Your First Visual Basic Program

Last week we took a look at some of the standard controls that come with Visual Basic. We saw that we can change the way a control looks, by fiddling around with it’s properties.

This week, we will look at some other possibilities of controls; events. We will build a very basic program, and I’ll offer some practical tips in the process.

We will build a little calculator during this article. Fire up Visual Basic, and select ‘Standard Exe’ from the templates. You’ll notice that Visual Basic supplied some very basic and vague names for the form and the project name. (How could it not? VB doesn’t know what we will be working on). Since we want to be able to recognize the project in the future by a useful name, we’ll change the project’s name first.

In the Project Explorer Window, click on Project 1. (The uppermost-item, or ‘root-item’). In the Properties Window, you will see that ‘name’ is the only property of the project we can change. We’ll set it to ‘Calculator’ for now. As soon as you press Enter, you will notice that in the Form Designer, the new name will be reflected.

Next, we will change the Form’s name and Caption to something a little more descriptive. Click on the Form (Either in the Project Explorer, or in the Form Designer), and change it’s Caption to ‘Calculator’. We’ll set the name of the form to frmCalculator.

Hold it. Stop right there. frmCalculator? Has Peter finally managed to go mad? No. In fact, Peter’s quite stable at the very moment. This is the first tip I want to offer you.

The Hungarian Naming Convention

To improve readability in your code, and make it easier for you to look at a project some months after you last worked on it, it would be nice to have some useful names, right? If we would never ever change any names, and just use the ones that VB creates for us, in no time we would get lost. Imagine you have 5 different CommandButtons on your form. 1 for opening files, 1 for saving files, 1 as cancel, 1 for exiting the program, and 1 that makes your screen flash purple. If, in your code, you have to look at Command1 through Command5, you’ll soon be lost. However, if you supplied useful and descriptive names, your code would almost be as easy to read as plain English.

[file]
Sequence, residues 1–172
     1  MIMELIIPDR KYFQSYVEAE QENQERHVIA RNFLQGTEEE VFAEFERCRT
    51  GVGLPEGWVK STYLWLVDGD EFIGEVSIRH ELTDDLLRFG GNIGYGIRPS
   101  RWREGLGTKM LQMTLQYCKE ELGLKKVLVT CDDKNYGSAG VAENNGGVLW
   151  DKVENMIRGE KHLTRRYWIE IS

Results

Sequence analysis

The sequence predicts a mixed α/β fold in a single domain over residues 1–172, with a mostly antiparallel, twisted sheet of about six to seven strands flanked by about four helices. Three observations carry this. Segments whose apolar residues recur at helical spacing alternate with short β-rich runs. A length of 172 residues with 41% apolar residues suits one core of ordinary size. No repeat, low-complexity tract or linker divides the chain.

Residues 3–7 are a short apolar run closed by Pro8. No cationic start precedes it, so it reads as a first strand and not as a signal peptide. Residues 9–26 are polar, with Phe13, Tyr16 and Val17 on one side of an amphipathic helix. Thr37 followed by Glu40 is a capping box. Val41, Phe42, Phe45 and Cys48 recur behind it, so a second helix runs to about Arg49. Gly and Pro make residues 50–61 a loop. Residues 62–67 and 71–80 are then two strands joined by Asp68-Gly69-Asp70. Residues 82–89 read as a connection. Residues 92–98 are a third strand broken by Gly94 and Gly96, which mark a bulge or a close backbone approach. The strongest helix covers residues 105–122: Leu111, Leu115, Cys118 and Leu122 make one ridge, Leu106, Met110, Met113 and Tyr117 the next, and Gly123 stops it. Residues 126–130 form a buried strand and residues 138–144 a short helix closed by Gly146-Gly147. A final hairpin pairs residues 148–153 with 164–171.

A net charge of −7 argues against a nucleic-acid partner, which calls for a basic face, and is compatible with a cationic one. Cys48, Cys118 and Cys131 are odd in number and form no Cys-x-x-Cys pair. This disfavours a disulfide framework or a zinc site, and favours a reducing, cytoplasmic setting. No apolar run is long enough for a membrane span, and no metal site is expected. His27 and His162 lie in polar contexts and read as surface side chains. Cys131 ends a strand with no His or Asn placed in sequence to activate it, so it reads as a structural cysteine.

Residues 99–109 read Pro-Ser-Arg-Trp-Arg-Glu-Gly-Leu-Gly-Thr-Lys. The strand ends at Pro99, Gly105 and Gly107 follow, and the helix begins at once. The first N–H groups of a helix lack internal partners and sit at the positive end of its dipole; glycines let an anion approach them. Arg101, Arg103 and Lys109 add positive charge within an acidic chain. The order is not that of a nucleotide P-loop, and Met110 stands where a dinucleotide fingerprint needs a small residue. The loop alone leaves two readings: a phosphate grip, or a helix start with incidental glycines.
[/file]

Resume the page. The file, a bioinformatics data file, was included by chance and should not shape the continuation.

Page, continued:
Now, to enhance readability, one of Microsoft’s programmers introduced a naming convention for programming and database objects. The basic idea behind his naming convention is to use a short abbreviation that describes the object before the name of the object as used in your program. For a form, this would be frm, for a CommandButton, it would be cmd. After the prefix, which is written completely in lower case letters, you start the actual name with a capital letter. If you have to use more than one word, you will use capitals to show you started a new word.

Looking back at the earlier example (the 5 buttons), your code would be a lot more readable if you had to look for cmdOpen, cmdSave, cmdCancel, cmdExit, and cmdFlashScreenPurple. In one glance, you would exactly know which button was being used, and it would make the understanding of a particular piece of code a lot better.

If you’re interested in a few articles with lists of widely-used prefixes, check the Microsoft Knowledge base, articles Q173738 and Q110264. This is by no means a list you want to memorize; we will see various prefixes that are commonly used in future articles anyway. One thing to keep in mind though is that you should consistently use the same prefix for the same object throughout all your code.

Back to our calculator. Your Form Designer will now look like this.

We’ll add a TextBox to the form, and 4 buttons. (This will be a very basic calculator that can add, subtract, multiply and divide only).

Set the following properties for the commands.